Russia may be preparing for another massive cyberattack on Ukraine using a botnet of at least 500,000 compromised routers and network-attached storage (NAS) devices, Cisco’s Talos threat intelligence group reported on Wednesday.
The botnet is powered by a sophisticated piece of malware that researchers have dubbed VPNFilter based on the names of some folders created by the threat. Talos has worked with several other cybersecurity firms and law enforcement agencies to investigate VPNFilter. While the investigation is ongoing, an initial report has been published due to concerns that an attack involving the botnet may be imminent.
Researchers believe a state-sponsored or state-affiliated threat actor is likely behind the attack and Russia has been named the main suspect due to code overlaps with the BlackEnergy malware, which has been attributed by many to the Kremlin.
More than 500,000 hacked devices have been observed across 54 countries, but many infections have been spotted in Ukraine and their number continues to increase. The malware has compromised devices made by Linksys, MikroTik, Netgear, TP-Link and QNAP, and while experts have yet to identify the attack vector they are confident that no zero-day vulnerabilities are involved.
VPNFilter is a modular piece of malware that has a wide range of capabilities. It can intercept data passing through the compromised device, including website credentials, and it can monitor the network for communications over the Modbus SCADA protocol. The malware, which uses Tor to communicate with a control panel, also has destructive capabilities that can be leveraged to make an infected device unusable.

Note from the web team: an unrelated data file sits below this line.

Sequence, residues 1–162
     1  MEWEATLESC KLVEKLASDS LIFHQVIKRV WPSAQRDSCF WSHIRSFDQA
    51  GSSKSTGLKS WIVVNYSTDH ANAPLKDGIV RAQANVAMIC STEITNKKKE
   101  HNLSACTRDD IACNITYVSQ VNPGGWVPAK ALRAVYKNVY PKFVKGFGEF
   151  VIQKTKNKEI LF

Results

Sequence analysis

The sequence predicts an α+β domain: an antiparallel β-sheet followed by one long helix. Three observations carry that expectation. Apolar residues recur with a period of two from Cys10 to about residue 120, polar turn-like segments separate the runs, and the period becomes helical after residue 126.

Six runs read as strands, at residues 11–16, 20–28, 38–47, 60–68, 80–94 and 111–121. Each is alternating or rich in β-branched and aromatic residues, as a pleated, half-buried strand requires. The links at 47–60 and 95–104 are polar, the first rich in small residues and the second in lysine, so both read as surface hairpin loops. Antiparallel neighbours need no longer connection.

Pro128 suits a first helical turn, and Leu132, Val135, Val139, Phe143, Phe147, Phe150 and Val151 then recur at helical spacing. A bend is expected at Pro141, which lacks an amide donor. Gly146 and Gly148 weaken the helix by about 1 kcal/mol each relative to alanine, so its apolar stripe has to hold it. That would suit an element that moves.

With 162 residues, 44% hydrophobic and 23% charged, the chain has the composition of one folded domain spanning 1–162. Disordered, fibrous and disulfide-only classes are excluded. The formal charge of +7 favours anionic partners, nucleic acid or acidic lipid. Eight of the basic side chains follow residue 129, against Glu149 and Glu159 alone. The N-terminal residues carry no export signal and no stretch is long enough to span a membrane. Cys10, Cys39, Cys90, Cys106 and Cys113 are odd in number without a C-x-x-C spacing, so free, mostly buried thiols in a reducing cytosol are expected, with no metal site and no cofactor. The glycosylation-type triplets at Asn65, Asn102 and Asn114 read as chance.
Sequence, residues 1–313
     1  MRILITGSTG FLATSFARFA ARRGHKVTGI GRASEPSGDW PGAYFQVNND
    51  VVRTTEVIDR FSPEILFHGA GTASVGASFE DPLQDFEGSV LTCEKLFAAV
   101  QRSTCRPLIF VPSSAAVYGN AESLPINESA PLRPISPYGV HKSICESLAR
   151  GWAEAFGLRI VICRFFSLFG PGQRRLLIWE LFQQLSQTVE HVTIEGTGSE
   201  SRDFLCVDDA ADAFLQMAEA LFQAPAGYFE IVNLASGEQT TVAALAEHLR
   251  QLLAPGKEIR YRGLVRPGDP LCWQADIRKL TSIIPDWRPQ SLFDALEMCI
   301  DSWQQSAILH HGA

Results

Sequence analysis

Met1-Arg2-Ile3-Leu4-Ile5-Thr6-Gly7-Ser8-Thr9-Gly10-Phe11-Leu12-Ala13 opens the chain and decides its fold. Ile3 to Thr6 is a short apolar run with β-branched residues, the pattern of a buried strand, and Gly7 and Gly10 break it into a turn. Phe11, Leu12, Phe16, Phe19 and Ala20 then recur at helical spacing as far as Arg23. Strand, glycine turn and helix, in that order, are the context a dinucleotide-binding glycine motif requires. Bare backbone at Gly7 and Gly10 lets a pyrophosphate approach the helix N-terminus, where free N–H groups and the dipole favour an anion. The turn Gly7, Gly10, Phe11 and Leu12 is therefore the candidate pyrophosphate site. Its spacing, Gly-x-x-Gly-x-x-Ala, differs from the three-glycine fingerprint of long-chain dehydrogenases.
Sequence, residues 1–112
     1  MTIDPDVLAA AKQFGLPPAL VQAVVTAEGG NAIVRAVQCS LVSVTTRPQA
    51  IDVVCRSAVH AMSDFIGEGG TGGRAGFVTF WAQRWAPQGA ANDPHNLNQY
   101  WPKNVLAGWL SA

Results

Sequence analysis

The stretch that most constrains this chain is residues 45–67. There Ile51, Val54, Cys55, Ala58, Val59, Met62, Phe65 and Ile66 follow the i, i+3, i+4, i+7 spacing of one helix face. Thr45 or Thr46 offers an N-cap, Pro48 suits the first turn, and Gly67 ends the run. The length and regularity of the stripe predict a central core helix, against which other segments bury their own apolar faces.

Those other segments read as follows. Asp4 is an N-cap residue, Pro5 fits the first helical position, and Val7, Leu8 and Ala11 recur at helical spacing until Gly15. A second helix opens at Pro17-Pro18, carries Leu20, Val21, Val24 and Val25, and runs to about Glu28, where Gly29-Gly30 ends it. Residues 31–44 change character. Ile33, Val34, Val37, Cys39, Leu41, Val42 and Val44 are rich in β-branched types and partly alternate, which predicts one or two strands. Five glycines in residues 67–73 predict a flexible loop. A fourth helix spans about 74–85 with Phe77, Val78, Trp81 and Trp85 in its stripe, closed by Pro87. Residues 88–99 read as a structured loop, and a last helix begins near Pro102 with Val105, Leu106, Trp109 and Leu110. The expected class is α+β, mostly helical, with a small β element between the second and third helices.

“The destructive capability particularly concerns us. This shows that the actor is willing to burn users’ devices to cover up their tracks, going much further than simply removing traces of the malware. If it suited their goals, this command could be executed on a broad scale, potentially rendering hundreds of thousands of devices unusable, disabling internet access for hundreds of thousands of victims worldwide or in a focused region where it suited the actor’s purposes,” Talos said in its report.
Researchers are concerned that VPNFilter may be used for another massive attack on Ukraine not only due to the large number of infections and a separate command and control (C&C) infrastructure for devices in this country, but also because there are only a few weeks until Ukraine celebrates its Constitution Day.
Last year, the NotPetya wiper attack was launched on the eve of Ukraine’s Constitution Day. NotPetya has been officially attributed to Russia by the U.S. and other countries and researchers have also linked the malware to BlackEnergy.
The fact that the malware monitors Modbus communications, which are typically used for supervisory control and data acquisition (SCADA) systems, suggests that the attacker may also be targeting industrial control systems (ICS).
Threat groups believed to be working for the Russian government have been known to launch attacks on ICS, including on Ukraine’s energy sector back in December 2016 using a piece of malware tracked as Industroyer and CRASHOVERRIDE. There are several other Russia-linked actors that have targeted industrial systems, including Dragonfly and Dymalloy.
“VPNFilter is an expansive, robust, highly capable, and dangerous threat that targets devices that are challenging to defend. Its highly modular framework allows for rapid changes to the actor’s operational infrastructure, serving their goals of misattribution, intelligence collection, and finding a platform to conduct attacks,” Talos said.